Will prosecuting older men protect girls against abuse...

LETTERS TO THE EDITOR

February 14, 2000

Will prosecuting older men protect girls against abuse?

Prosecuting older men who have sex with girls who have not even reached the age of 16 would not just reduce the pregnancy rate in Maryland ("Md. looks to rape laws to cut teen birth rates," Feb. 5).

More important, it would stop many young ladies from being used and abused by so-called men who view children as sex objects to be exploited.

Regardless how physically developed these young women may be, they still have the mind of a child -- which is what makes them easy prey for older men.

In my opinion, any man who would have sex with a child needs to be locked up.

This might not eliminate the teen-age pregnancy problem. But it would go a long way toward getting many sick men off the streets, and protecting our children.

Murphy Edward Smith, Baltimore

The Sun's recent article on statutory rape demonstrated one of the more curious paradoxes of our time: We vilify lawyers yet we seem to trust only the courts to solve all social problems.

The solution to teen-age pregnancy is to throw fathers in jail. The solution to drug addiction is to throw addicts in jail. The solution to everything is prosecution.

Our legal system provides no justice. To rely on it to solve all social problems is absurd.

Angela Callahan, Baltimore

Sending mixed messages on teens, sex and pregnancy

The Sun's Feb. 5 issue sent a mixed message to Marylanders.

On the front page was an article titled "Md. hopes rape laws can cut teen birth rates." At the same time, on the first page of the Today section was a warm and fuzzy article about an unmarried 19-year-old giving birth to triplets ("Oh, baby, baby, baby"). This was her second set of triplets in 20 months.

It is not The Sun's role to deliver the message to teen-agers that it's not such a good idea to get pregnant before getting married.

But glorifying the birth of three more Americans to an unwed teen-ager is not going to help anybody.

It is an atrocity for babies to be born to children who are neither prepared nor capable of raising a child in today's world. When is anyone going to step forward and speak out against teen pregnancy and put an end to this nonsense?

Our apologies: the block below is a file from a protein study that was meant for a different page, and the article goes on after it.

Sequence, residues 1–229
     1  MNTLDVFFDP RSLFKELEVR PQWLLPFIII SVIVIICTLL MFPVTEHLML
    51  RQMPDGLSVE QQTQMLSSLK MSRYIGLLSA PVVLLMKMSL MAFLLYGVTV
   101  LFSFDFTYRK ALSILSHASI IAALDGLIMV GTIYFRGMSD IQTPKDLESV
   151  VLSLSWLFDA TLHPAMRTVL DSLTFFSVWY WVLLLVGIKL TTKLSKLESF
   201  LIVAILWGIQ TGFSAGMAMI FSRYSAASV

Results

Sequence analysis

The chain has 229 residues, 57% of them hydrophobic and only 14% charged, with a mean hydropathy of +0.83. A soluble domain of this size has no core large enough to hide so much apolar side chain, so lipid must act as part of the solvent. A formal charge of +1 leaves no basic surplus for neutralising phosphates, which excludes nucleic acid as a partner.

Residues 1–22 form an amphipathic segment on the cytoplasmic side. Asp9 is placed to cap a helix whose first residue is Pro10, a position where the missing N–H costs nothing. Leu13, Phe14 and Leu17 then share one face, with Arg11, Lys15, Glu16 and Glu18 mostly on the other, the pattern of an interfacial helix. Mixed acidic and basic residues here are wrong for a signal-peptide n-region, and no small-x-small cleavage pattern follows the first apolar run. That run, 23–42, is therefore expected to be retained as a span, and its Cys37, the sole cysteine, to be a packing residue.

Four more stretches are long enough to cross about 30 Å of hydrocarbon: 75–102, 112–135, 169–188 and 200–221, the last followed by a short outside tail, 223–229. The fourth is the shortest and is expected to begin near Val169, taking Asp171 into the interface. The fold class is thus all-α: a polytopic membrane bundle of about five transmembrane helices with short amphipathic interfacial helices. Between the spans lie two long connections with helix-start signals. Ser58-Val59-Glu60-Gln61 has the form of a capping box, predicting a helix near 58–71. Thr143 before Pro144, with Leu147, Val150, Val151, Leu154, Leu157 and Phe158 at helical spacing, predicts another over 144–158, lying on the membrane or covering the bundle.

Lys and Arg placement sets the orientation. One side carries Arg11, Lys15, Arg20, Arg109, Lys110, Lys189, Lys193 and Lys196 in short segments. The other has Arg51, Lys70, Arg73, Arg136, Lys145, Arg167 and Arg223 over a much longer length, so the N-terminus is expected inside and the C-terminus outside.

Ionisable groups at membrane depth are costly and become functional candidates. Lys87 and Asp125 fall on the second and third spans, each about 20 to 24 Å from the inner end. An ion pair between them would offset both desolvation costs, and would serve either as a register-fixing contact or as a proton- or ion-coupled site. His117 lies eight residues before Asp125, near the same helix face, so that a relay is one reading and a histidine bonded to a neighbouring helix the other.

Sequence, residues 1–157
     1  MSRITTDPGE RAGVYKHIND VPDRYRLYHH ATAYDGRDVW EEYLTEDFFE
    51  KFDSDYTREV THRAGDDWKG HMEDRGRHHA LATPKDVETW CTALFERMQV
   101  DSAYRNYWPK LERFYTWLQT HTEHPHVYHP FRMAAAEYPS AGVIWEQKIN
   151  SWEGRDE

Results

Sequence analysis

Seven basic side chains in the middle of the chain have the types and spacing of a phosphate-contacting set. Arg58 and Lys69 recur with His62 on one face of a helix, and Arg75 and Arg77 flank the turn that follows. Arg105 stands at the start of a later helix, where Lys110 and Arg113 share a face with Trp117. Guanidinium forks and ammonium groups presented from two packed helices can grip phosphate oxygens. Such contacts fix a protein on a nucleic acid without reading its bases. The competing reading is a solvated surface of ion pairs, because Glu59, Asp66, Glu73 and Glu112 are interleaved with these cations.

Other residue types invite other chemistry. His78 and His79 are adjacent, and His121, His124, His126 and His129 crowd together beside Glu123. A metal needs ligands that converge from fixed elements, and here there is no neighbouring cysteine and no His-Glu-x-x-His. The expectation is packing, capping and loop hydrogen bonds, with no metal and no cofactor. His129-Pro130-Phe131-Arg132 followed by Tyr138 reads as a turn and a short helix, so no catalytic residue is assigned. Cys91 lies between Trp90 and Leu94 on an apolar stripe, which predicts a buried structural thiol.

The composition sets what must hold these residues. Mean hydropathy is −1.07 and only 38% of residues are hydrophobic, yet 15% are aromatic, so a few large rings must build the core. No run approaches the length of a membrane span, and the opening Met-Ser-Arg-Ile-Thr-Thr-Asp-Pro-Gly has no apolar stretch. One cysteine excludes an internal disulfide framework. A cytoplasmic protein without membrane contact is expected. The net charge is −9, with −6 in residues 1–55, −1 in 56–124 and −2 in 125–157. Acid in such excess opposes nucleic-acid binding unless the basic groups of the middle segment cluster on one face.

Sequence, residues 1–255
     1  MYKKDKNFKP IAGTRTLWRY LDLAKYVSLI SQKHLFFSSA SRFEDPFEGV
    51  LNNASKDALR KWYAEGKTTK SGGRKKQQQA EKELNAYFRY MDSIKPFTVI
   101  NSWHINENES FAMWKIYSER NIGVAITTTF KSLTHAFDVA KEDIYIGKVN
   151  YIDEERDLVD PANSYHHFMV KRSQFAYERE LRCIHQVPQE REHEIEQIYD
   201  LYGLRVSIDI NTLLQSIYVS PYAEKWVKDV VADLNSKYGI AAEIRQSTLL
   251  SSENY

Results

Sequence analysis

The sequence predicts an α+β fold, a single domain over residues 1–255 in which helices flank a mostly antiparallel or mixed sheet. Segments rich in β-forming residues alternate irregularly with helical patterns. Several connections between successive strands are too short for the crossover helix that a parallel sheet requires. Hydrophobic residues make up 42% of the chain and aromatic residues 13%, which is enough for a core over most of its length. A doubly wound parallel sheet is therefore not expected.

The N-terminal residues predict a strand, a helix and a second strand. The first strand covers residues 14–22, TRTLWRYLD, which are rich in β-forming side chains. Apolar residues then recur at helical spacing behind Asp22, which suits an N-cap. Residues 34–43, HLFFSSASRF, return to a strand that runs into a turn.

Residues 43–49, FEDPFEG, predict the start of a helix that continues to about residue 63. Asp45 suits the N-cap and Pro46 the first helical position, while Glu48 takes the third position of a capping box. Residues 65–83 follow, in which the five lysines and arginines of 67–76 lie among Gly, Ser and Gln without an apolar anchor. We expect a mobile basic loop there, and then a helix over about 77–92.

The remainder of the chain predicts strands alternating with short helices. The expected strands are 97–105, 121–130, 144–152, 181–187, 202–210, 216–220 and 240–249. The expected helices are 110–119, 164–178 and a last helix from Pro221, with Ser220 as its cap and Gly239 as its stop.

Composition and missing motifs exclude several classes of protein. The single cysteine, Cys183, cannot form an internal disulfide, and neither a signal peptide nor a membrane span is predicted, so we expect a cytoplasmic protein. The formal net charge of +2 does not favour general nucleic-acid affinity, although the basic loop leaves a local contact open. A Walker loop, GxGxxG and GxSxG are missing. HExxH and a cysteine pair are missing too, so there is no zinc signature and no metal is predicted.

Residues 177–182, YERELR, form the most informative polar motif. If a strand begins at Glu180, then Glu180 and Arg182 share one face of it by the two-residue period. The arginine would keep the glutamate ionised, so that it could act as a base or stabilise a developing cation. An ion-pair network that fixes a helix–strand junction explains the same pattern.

The article on statutory rape suggests that the answer lies somewhere in our legal system. But a legally based solution will only serve to employ more lawyers.

May I suggest we look at other solutions such as family values, peer pressure and tough love. They are less expensive than prosecution, and much more effective, given an opportunity.

Jay Leatherbury, Catonsville

A heritage group dedicated to honoring their ancestors

Following my recent letter, "South Carolina's flag isn't `Stars and Bars'" (Jan. 31), that chastised Gregory Kane for careless research regarding the flags of the Confederate States of America and suggesting that such poor scholarship lent little weight to his opinions on our flags, Mr. Kane chose to make me and the Sons of Confederate Veterans the focus of his column, "Little honor lies in historic use of the Confederate flag" (Feb. 2).

Mr. Kane asked, in summary: Where was the Sons of Confederate Veterans in the 1950s and 1960s when various racist elements other than the Ku Klux Klan were misusing the Confederate battle flag?

This is a fair question.

The Sons of Confederate Veterans is not a civil rights or political organization. That is not our function. We are a hereditary heritage society.

This means each member has at least one Confederate ancestor whose memory we are dedicated to honoring and preserving.

In addition, during the period questioned by Mr. Kane, the SCV had only about 2,000 members.

It was in no position financially, or otherwise, to mount a public relations campaign on the misuse of the flag.

G. Elliott Cummings, Baltimore

The writer is a past Commander of the Maryland Division of Sons of Confederate Veterans .

Tougher law enforcement is the way to stop violence

I would like to commend The Sun for the article "Tough gun law, timid enforcement" (Jan. 30).

Law-abiding gun owners, sportsmen and women have been saying it for years: If you want to stop gun crime, punish the criminals.

Many of the politicians who are lawyers are the same plea-bargainers who let criminals off.

They then use the gun issue as a platform to get elected to office.

Maybe their plea-bargaining records should be made public, so people would know how many times their elected officials were responsible for putting a criminal back on the streets.

As long as criminals know they can get off with a light, plea-bargained sentence, or no sentence at all, gun violence will never end.

Before you take away the rights of law abiding citizens, punish the criminals to the full extent of the law.

Kit H. Jaracy, Ellicott City

What an event! The Sun was so soundly struck by a blinding flash of the obvious, that it now supports Project Exile.

It now actually believes that enforcing existing laws will have an impact on crime (It's past the time for a crackdown on guns," editorial, Feb. 6).

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